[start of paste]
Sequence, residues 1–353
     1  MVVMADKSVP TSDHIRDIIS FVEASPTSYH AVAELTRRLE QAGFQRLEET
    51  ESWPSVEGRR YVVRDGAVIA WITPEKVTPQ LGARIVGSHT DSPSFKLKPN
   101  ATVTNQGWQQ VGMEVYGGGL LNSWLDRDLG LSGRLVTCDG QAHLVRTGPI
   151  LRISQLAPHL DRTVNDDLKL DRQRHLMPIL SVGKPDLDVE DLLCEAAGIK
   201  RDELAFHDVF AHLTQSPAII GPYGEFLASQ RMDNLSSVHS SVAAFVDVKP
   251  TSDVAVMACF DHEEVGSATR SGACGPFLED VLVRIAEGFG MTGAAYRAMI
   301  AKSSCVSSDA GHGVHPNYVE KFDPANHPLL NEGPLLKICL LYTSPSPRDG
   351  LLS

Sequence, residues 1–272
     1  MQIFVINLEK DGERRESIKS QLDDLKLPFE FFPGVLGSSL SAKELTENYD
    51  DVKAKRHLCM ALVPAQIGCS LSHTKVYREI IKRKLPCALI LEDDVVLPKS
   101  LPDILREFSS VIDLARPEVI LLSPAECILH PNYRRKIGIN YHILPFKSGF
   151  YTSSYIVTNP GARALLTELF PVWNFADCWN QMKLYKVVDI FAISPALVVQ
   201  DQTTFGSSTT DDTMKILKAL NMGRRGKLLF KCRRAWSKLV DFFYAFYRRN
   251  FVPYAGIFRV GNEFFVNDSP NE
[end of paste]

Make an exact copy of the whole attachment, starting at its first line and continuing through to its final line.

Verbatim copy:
Sequence, residues 1–353
     1  MVVMADKSVP TSDHIRDIIS FVEASPTSYH AVAELTRRLE QAGFQRLEET
    51  ESWPSVEGRR YVVRDGAVIA WITPEKVTPQ LGARIVGSHT DSPSFKLKPN
   101  ATVTNQGWQQ VGMEVYGGGL LNSWLDRDLG LSGRLVTCDG QAHLVRTGPI
   151  LRISQLAPHL DRTVNDDLKL DRQRHLMPIL SVGKPDLDVE DLLCEAAGIK
   201  RDELAFHDVF AHLTQSPAII GPYGEFLASQ RMDNLSSVHS SVAAFVDVKP
   251  TSDVAVMACF DHEEVGSATR SGACGPFLED VLVRIAEGFG MTGAAYRAMI
   301  AKSSCVSSDA GHGVHPNYVE KFDPANHPLL NEGPLLKICL LYTSPSPRDG
   351  LLS

Sequence, residues 1–272
     1  MQIFVINLEK DGERRESIKS QLDDLKLPFE FFPGVLGSSL SAKELTENYD
    51  DVKAKRHLCM ALVPAQIGCS LSHTKVYREI IKRKLPCALI LEDDVVLPKS
   101  LPDILREFSS VIDLARPEVI LLSPAECILH PNYRRKIGIN YHILPFKSGF
   151  YTSSYIVTNP GARALLTELF PVWNFADCWN QMKLYKVVDI FAISPALVVQ
   201  DQTTFGSSTT DDTMKILKAL NMGRRGKLLF KCRRAWSKLV DFFYAFYRRN
   251  FVPYAGIFRV GNEFFVNDSP NE